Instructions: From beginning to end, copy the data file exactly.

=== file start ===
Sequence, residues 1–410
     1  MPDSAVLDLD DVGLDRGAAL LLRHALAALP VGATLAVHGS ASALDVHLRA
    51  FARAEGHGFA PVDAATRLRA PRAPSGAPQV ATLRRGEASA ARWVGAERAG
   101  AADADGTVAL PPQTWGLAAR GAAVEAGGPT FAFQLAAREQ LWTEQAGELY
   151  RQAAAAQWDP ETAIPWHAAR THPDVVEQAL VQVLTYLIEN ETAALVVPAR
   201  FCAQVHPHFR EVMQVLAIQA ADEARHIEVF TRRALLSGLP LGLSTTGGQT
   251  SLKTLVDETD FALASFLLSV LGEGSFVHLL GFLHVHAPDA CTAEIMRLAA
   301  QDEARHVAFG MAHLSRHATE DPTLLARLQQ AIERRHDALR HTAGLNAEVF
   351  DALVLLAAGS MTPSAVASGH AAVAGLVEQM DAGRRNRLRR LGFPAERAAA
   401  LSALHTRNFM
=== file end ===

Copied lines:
Sequence, residues 1–410
     1  MPDSAVLDLD DVGLDRGAAL LLRHALAALP VGATLAVHGS ASALDVHLRA
    51  FARAEGHGFA PVDAATRLRA PRAPSGAPQV ATLRRGEASA ARWVGAERAG
   101  AADADGTVAL PPQTWGLAAR GAAVEAGGPT FAFQLAAREQ LWTEQAGELY
   151  RQAAAAQWDP ETAIPWHAAR THPDVVEQAL VQVLTYLIEN ETAALVVPAR
   201  FCAQVHPHFR EVMQVLAIQA ADEARHIEVF TRRALLSGLP LGLSTTGGQT
   251  SLKTLVDETD FALASFLLSV LGEGSFVHLL GFLHVHAPDA CTAEIMRLAA
   301  QDEARHVAFG MAHLSRHATE DPTLLARLQQ AIERRHDALR HTAGLNAEVF
   351  DALVLLAAGS MTPSAVASGH AAVAGLVEQM DAGRRNRLRR LGFPAERAAA
   401  LSALHTRNFM